The Trinidad Moruga Scorpion topped 1.2 million Scoville Heat Units, a measure of hotness in recent trials.The Trinidad Moruga Scorpion has been crowned the hottest pepper on earth by New Mexico State University's Chile Pepper Institute in Las Cruces, N.M.
The pepper rated 1.06 million Scoville Heat Units, a measure of heat, according to a news release.
The next closest competitor was the Bhut Jolokia with 1.02 million SHU.
A team of researchers led by institute director Paul Bosland grew several different chile varieties in a university field following area agronomic practices.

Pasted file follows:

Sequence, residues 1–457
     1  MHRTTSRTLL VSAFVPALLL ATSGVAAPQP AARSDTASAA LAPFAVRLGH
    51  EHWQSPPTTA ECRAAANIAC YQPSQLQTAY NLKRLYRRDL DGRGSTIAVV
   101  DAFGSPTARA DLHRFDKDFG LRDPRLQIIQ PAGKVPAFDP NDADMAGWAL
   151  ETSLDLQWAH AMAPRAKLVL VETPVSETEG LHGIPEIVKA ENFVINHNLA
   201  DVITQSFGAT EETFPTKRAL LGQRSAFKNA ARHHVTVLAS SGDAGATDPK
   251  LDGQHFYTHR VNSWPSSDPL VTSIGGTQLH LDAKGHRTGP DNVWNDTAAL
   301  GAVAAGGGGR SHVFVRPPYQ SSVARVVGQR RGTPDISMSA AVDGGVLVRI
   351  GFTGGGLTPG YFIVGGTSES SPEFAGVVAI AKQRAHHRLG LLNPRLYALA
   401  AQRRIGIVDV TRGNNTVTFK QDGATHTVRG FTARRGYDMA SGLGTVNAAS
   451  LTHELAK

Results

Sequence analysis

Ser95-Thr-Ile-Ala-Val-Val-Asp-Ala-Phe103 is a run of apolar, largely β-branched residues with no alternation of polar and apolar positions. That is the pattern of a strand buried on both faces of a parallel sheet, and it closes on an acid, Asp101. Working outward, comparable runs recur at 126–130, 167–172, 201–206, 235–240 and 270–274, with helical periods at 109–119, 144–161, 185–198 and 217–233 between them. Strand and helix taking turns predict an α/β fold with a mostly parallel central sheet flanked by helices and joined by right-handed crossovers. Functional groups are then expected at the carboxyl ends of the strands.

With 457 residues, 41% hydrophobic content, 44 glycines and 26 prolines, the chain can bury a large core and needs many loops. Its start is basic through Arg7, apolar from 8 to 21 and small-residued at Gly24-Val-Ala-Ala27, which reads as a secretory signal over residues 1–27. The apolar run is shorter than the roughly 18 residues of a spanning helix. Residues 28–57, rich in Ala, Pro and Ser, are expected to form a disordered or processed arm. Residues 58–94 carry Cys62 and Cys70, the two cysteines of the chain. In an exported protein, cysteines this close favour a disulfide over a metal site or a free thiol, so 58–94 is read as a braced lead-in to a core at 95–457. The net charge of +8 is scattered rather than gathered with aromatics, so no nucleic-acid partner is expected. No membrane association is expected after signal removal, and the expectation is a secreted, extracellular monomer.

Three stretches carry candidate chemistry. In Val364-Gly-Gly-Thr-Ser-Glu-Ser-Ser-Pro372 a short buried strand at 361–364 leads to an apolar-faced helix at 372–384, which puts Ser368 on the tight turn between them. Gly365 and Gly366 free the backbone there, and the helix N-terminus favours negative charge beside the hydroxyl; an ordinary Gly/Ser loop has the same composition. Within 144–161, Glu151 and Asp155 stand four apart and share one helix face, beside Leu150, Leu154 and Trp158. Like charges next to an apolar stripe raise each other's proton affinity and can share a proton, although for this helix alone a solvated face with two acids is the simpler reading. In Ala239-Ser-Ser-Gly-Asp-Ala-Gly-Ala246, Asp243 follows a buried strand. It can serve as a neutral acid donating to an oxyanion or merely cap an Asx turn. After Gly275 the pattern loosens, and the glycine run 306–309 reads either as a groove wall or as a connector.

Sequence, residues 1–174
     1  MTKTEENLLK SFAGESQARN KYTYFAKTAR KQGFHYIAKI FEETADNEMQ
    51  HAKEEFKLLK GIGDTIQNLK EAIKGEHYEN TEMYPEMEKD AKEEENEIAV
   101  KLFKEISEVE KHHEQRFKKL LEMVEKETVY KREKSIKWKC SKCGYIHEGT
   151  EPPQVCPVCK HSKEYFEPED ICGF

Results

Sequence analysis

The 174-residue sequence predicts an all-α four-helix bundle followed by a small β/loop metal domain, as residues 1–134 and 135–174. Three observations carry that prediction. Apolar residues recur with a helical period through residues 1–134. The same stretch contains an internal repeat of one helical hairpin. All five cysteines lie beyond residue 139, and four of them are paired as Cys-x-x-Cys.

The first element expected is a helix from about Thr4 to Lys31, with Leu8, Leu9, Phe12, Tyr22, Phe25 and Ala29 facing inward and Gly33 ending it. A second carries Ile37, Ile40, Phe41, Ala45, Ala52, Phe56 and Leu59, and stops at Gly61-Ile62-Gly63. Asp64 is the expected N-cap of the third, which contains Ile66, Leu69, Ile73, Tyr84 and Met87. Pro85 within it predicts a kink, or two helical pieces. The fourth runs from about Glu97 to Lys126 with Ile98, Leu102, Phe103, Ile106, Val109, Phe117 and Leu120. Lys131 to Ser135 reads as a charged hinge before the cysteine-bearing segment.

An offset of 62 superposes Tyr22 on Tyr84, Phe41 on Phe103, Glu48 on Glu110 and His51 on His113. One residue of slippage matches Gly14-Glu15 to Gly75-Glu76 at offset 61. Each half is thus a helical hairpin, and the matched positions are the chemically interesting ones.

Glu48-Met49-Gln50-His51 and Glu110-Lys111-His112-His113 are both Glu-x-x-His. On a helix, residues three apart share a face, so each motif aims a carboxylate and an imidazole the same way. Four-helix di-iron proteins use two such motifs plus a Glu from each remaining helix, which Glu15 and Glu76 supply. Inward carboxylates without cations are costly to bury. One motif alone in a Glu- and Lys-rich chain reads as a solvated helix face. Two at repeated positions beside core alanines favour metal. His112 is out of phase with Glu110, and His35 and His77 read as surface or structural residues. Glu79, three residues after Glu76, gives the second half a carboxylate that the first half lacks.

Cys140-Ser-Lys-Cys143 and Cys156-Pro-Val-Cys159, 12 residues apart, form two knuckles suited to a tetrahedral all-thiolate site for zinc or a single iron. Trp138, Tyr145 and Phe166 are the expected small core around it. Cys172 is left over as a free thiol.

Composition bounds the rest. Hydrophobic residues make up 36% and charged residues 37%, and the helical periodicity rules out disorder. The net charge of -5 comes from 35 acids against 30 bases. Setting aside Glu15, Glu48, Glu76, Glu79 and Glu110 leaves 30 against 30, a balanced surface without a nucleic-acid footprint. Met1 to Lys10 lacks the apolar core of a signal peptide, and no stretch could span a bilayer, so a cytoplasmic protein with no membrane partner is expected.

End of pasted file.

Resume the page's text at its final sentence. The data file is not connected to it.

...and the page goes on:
They randomly selected mature fruit from several plants, dried the fruit and ground them into power.
They then extracted capcaicinoids—the compounds that produce the heat sensation.
Chile peppers from the same variety may vary in hotness due to growing conditions or regions. Fruit from the same plant may even differ.
But the reserachers found similar results, with some of the Trinidad Moruga Scorpion topping 2 million SHU.
The chile industry is taking notice of Bosland's study.
CaJohns Fiery Foods has developed its Holy Jolokia hot sauce, salsa and barbecue sauce.